26. Fuck them. I guess more people will be switching to Linux & Macs. I already use OS X & Linux. I’ve tried Vista RC1 under Parallels Desktop and gave up because it felt too “dumbed down”.

    The latest Linux distributions like Ubuntu/Kubuntu are very easy to install and friendly enough for Windows switchers.

    Comment by Mike C. — October 19, 2006 @ 8:29 pm

  27. All operating systems have their problems (including Mac’s). That said, I’d much rather use Mac OS over anything made by Microcrap, I mean, Microsoft ANY DAY.

    Comment by Hoot — October 19, 2006 @ 11:58 pm

  28. Brilliant post, Wendy. I know I won’t be upgrading under this EULA. Vista simply makes the type of “enthusiast” computing which involves buying and trying new hardware annually just too expensive.

    Comment by Zaine Ridling — October 20, 2006 @ 1:49 am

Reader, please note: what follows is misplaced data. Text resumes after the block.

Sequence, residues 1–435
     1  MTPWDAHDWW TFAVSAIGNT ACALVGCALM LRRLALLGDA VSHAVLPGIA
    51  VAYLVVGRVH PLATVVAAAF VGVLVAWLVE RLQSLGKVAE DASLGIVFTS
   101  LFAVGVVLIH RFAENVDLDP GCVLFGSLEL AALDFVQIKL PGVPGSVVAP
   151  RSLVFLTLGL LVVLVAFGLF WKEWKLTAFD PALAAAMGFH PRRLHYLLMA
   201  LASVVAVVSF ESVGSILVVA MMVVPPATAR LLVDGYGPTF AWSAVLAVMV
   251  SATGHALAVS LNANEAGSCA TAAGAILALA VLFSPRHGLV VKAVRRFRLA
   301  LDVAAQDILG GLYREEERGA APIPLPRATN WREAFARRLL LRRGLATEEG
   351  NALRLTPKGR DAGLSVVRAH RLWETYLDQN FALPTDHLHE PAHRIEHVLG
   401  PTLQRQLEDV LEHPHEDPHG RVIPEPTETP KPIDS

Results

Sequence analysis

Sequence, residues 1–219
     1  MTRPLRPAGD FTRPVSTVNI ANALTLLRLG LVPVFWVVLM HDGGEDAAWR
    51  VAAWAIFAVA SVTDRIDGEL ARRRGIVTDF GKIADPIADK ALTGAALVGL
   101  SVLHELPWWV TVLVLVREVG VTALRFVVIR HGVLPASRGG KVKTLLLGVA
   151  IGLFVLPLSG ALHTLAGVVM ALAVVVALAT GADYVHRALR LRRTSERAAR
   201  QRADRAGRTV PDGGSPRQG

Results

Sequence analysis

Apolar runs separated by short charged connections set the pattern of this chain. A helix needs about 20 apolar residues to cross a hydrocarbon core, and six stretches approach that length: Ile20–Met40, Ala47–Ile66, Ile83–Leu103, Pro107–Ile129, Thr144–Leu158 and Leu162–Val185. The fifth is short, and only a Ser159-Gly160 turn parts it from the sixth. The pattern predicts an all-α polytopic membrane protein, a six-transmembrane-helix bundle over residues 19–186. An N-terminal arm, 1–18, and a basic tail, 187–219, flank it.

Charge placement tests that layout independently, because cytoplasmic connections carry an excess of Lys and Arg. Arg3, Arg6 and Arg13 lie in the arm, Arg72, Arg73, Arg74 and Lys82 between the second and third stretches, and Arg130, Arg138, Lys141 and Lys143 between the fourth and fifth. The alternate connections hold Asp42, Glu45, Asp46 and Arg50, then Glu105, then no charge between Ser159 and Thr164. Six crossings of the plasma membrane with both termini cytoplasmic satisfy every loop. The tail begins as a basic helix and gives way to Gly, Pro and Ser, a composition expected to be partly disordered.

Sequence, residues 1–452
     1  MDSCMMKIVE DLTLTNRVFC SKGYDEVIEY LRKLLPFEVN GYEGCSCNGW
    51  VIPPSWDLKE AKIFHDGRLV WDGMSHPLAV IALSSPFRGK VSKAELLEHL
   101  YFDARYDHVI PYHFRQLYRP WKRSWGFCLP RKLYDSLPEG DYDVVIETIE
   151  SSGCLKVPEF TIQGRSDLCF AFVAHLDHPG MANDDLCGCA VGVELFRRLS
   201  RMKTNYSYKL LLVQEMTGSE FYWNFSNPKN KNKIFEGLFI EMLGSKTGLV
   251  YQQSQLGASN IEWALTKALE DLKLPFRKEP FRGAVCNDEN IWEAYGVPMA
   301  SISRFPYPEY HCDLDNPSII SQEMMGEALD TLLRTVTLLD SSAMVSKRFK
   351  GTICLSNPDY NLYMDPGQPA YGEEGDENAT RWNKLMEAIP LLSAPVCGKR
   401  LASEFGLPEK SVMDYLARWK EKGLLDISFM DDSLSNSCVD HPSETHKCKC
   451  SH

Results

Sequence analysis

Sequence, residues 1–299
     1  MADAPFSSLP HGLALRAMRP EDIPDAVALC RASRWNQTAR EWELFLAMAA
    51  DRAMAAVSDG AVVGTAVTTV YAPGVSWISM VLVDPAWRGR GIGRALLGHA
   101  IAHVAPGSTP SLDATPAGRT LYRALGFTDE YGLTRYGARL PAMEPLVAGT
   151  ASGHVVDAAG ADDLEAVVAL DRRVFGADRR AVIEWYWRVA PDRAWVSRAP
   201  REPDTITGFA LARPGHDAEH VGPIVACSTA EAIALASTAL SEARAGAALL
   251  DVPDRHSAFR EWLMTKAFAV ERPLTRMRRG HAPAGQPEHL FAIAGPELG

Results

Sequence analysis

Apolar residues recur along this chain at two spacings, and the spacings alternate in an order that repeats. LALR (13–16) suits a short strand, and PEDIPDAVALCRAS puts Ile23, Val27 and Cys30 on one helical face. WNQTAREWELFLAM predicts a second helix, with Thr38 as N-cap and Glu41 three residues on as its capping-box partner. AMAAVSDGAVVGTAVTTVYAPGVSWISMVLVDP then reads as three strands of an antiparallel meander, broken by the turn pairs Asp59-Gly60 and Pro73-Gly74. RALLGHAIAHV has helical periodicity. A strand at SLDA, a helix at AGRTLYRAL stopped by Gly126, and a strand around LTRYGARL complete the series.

29. Dimo,
    The problem isn’t the initial activation (which can be over the phone like XP), it’s the continual phoning home that Vista will be doing (i.e., Genuine Advantage on steroids). You know because the software that’s valid and activated today just might magically become a pirated copy tomorrow.

    Comment by Sloop John B — October 20, 2006 @ 10:59 am

  30. ahh, yes i am beta testing vista, i read thru the liscense and notice the lack of options every where, help never helps, you can’t play dvds (it says wrong region code, even when you know its right, it took me hours to find where to change it, they now want to apply the setings ot the drive now and if you try to change it more then four times it will make your drive basicly unuseable even if you put in another computer) the help trouble shooter said that if i was getitn the region code error i will need to purchase a dvd coded for my region….. So they decide that becuase their software is broken that i am trying to do something wrong and have to buy something (why do they care tehy don’t get money form me buying a dvd do they?)?

    The sad thing is not enough people actually read the agreements you make when you install software, i do. And if you buy from a manufactor you are appearntly bound by the lisceanse even though you agreed to such nor presented as susch, you are forced into a legal agreement with out your knowledge….